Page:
General John Reynolds and his Catholic Fiancee

Hattip to Matthew Schmitz at First Things.  I have been studying the Civil War since 1964.  It is an immense subject and I still find things about it I never knew.  Major General John Reynolds, commander of the I Corps, helped save the Union by his heroic leadership of his Corps in support of Buford’s cavalry division on the First Day, buying time with blood for other corps of the Army of the Potomac to deploy.  He was a Protestant but Matthew Schmitz tells us why he died with  Catholic religious medals around his neck:

One-hundred and fifty years ago today, Gen. John F. Reynolds made the crucial tactical decisions that would start the Battle of Gettysburg, then became one of its first fatalities.

Reynolds was widely admired for his personal qualities and military skill—we have found no recorded negative comments by his contemporaries—and scholars today generally share the assessment. (Shelby Foote called him perhaps the best general the Army of the Potomac had.) Yet as Edwin C. Bearss records in Fields of Honor, Reynolds’ death revealed that the well-liked man had a secret:

As his aides loosen his collar, they find two Catholic medallions hanging around his neck. This is surprising because he is not Catholic, and none of them knows that he is seriously interested in any woman.

They carry Reynolds’ body to the rear, with instructions to send it to his home in Lancaster after it is laid out in Philadelphia. And as they’re laying him out on July 4, with his sisters there, a lady comes in. She is Katherine “Kate” May Hewitt. Kate has his West Point ring and tells his sisters that they met on a boat from California to New York and that they’re engaged.

Reynolds was a Protestant, she a Catholic. That is why he had not told his family. The two agreed that if he was killed and they couldn’t marry, she would join a convent. After he’s buried, she will travel to Emmitsburg and join the St. Joseph Central House of the Order of the Daughters of Charity.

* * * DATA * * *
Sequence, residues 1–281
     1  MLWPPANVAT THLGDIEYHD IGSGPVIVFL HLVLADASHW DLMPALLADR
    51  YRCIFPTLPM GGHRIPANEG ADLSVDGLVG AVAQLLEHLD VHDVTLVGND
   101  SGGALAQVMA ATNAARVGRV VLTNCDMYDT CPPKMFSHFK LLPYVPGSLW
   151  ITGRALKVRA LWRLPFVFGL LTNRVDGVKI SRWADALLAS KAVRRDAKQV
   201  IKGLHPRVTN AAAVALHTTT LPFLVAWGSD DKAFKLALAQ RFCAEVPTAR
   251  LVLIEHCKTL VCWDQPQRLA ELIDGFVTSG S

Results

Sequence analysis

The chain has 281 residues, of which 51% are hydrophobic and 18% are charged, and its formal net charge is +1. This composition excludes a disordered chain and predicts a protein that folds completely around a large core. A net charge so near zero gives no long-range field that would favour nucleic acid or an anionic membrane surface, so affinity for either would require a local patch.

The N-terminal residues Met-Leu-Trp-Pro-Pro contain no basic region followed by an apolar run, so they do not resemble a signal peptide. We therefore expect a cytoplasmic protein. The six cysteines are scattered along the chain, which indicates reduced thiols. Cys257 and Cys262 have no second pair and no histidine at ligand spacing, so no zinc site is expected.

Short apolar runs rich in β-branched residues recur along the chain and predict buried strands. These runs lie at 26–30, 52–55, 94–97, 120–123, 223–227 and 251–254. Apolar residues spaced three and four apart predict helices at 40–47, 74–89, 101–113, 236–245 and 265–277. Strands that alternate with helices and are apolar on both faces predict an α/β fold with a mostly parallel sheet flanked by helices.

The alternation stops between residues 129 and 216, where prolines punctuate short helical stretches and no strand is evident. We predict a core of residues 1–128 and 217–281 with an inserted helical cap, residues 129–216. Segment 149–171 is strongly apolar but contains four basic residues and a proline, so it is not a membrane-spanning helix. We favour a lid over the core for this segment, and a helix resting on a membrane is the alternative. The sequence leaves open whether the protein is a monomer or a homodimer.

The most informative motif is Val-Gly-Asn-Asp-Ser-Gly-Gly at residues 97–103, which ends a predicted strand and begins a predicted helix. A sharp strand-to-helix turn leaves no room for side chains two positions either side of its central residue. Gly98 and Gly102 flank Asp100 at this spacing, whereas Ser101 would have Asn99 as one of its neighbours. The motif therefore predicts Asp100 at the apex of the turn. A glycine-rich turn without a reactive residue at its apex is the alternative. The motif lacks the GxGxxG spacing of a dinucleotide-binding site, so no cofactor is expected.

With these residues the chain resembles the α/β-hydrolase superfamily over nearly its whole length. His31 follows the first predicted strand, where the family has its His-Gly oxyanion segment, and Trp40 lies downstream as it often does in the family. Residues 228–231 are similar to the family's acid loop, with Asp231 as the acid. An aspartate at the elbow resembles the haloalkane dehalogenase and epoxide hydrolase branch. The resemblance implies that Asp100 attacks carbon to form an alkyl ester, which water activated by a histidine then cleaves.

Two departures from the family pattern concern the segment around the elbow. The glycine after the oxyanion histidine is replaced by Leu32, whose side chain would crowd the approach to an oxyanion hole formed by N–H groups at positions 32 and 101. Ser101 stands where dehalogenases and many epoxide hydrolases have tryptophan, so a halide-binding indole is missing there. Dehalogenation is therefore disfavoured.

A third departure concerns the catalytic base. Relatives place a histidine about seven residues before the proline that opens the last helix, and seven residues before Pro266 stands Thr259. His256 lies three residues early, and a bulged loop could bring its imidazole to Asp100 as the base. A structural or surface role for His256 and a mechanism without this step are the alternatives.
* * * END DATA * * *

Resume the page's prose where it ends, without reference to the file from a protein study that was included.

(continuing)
Reynolds’ last words—meant martially but also capable of being read spiritually—were, “Forward men! For God’s sake forward!”

Go here to read the rest.  Maggie McLean at her first rate blog Civil War Women gives us some more detail:

Kate Hewitt’s existence was discovered by John’s family when they found her Catholic medal and a gold ring in the form of clasped hands around his neck. Inside the ring were inscribed the words Dear Kate. They also noticed that his West Point ring was missing. On the morning of July 3, while the battle was reaching its climax 100 miles away, Kate Hewitt called at the house on Spruce Street. Catherine and her sisters rushed downstairs to meet their beloved brother’s fiancee, and embraced her warmly. While the introductions were taking place Kate maintained her composure, but on seeing John’s body she broke down and wept. She explained that she had hesitated to come to Catherine’s home because she knew no one in the family, but that she could not resist the wish to see John again. Kate returned in the evening to sit by him during the night-long vigil. She returned John’s ring, but kept the Catholic medal he had worn. Reynolds’ sister, Jennie Reynolds Gildersleeve, wrote to her brother Will, a captain in the United States Navy:

She seems to be a very superior person. We all regret that he [John] had not told some of us about her, and that we had [not] known her, yet are happy she came and had all the comfort we could offer her.